While Caligula was shown in Europe just like any mainstream film, it was banned in the United States and created a huge controversy. In the documentary, Bob Guccione said that he just wanted to portray how life really was in Imperial Rome. This, to me, is very important.

The Roman Empire had been inculcated in our minds as “The Glory that Was Rome”. It was the epitome of European civilization. When I was young, I thought of the ancient Romans as the Caesar of Rex Harrison or the Anthony of Richard Burton or the Brutus of James Mason or the Calpurnia of Diana Rigg. After watching Caligula, I researched into Roman history and was shocked at how barbaric it was. And yes, ordinary Roman and Greek soldiers were naked except for their shields and spears! Those who had ranks wore an upper armor but no skirts. Only the commanders wore skirt armors.

Recently, for the Athens Olympics, a film was made about the ancient Greek Olympics. Many people complained that it was not realistic. Many people now know that the ancient Olympians wore nothing at all.

It is quite remarkable to think that in the cradle of Western civilization, during the times of “The Glory that was Greece” and “The Grandeur that was Rome”, people actually go about their business stark naked and sex was not taboo.


The documentary did not delve into explicit sex. It ended by saying that by the late 1990s, sex was again being celebrated in Hollywood. While some interviewees said that Hollywood is hypocritical, the documentary itself is hypocritical. It tries to give the idea that sex in cinema today is exemplified by comedies like The Full Monty (1997) and Something About Mary (1998).

This Playboy documentary even ignores its own Playboy Channel on cable which features steamy sex and full frontal nudity.

Explicit sex in cinema has been around since the 1970s but such movies were usually shown “underground”. The one that started it all in mainstream cinema was the Franco-Japanese film In the Realm of the Senses by Nagisa Oshima in 1976.

European cinema has been pushing the envelope further to the edge since then. In 1986, one of my favorite actresses, Maruschka Detmers (Prenom Carmen), shocked the world by giving her co-star Federico Pitzalis a fellatio, which was shown uncut. The brief scene was totally gratuitous. The film was mediocre and it did not help Detmers’ career at all.

In 1998, Denmark’s top director Lars Von Trier made The Idiots which included explicit sex scenes. In Switzerland and Germany, it was rated only R-16 and was even shown on Australian TV uncut.

In 1999, Catherine Breillat outdid herself when she directed Romance X with Caroline Ducey, Sagamore Stévenin, and porn actor Rocco Siffredi. The film contained “unsimulated” sex accompanied with heavy philosophizing.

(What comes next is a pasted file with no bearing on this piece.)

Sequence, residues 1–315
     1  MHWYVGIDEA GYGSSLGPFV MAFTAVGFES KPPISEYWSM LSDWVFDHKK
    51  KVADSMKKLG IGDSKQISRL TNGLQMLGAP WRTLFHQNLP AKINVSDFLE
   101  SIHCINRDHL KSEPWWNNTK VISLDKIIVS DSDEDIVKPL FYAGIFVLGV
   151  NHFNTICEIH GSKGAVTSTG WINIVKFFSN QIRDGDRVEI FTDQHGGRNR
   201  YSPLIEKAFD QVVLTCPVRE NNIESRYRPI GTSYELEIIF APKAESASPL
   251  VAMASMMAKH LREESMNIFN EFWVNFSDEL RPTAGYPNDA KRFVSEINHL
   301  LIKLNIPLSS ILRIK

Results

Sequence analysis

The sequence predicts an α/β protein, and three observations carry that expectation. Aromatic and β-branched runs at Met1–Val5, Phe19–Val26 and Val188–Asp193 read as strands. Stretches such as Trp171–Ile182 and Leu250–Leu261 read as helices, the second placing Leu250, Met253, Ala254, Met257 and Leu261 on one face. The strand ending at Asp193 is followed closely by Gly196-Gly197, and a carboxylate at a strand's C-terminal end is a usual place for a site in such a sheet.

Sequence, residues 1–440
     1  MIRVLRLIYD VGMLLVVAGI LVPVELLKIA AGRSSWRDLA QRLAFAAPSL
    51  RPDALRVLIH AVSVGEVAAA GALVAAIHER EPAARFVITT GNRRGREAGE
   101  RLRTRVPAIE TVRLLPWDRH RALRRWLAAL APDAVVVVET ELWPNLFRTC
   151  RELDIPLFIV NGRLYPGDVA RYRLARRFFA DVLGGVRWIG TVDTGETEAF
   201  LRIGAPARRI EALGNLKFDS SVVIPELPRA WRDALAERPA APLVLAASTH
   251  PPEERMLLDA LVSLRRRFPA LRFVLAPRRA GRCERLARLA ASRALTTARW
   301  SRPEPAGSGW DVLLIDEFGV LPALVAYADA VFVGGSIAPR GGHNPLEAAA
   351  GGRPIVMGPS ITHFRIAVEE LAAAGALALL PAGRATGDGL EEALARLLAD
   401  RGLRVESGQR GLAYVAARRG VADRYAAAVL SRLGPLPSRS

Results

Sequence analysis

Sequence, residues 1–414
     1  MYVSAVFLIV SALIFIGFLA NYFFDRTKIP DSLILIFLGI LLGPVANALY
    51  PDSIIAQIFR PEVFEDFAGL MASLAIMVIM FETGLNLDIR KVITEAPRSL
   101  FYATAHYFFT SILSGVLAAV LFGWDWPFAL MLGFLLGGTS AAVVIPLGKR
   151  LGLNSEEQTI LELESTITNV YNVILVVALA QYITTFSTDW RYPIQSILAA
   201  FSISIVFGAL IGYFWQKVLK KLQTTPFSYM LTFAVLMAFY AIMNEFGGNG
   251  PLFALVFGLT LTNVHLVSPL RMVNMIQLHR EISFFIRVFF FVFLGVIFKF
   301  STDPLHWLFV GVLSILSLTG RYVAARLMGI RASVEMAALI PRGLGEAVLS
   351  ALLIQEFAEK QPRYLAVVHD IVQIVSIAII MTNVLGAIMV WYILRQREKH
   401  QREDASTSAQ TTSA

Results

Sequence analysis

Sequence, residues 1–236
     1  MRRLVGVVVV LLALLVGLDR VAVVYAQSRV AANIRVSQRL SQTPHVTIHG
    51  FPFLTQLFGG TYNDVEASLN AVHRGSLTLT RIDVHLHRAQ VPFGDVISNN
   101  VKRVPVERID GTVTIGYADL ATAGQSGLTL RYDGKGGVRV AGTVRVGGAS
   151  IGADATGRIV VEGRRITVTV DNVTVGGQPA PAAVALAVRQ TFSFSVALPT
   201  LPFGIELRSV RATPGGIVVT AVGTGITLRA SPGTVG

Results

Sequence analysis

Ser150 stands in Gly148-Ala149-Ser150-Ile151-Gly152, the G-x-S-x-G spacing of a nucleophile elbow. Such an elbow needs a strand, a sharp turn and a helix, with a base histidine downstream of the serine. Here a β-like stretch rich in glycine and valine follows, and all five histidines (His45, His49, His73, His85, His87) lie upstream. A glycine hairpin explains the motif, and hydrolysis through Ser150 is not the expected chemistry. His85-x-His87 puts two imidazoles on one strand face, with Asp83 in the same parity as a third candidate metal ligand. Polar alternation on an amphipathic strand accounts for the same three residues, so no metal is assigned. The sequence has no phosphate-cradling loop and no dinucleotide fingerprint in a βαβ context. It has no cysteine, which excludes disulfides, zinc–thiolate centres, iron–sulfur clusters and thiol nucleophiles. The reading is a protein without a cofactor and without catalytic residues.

In 2000, Virginie Despentes and Coralie Trinh Thi co-directed Baise-Moi, a film that showed explicit sex throughout the film. The film is anything but erotic.

In England, respected actors Mark Rylance and Kerry Fox starred in Patrice Chereau’s Intimacy (2001). There is also a fellatio scene. While Detmers and Pitzalis were young and beautiful, Rylance and Fox were middle aged and average-looking. Yet the Intimacy fellatio scene appeared more intrinsic to the film than the one in Detmers’ movie. Rylance is the Director of Shakespeare’s Globe Theater while Fox (An Angel at my Table) is an established New Zealand actress.

Mainstream British filmmaker Michael Winterbottom upped the ante with his 9 Songs (2005). The film’s actors Kieran O’Brien and newcomer Margo Stilley performed unsimulated sex which was shown in its entire splendor.

Cult director John Cameron Mitchell’s Shortbus (2006) contains graphic sex but is also innovative, provocative and presents several perspectives on sex. It won several awards in international festivals.

Shortbus lead actress Sook-Yin Lee found out that having sex on screen may be dangerous to one’s job. Her bosses at Canadian Broadcasting Corp (CBC) fired her because of her sex act in Shortbus. Lee was a host of a radio program. The public and several celebrities like Francis Ford Coppola, Julianne Moore, Gus Van Sant, David Cronenberg, and Yoko Ono rallied to her support until CBC relented.


In the documentary, Hugh Hefner said that his magazine’s centerfold is their way of saying, “hey, good girls want sex, too.” While Mr. Hefner isolates himself in his mansion with a bevy of bunnies, the rest of the word has grown up. World cinema has grappled with the sexual subject in all its manifestations.

Cinema offers us representations or versions of reality. When it comes to sexual activity, the manner and limits of representation in mainstream cinema continue to be passionately debated.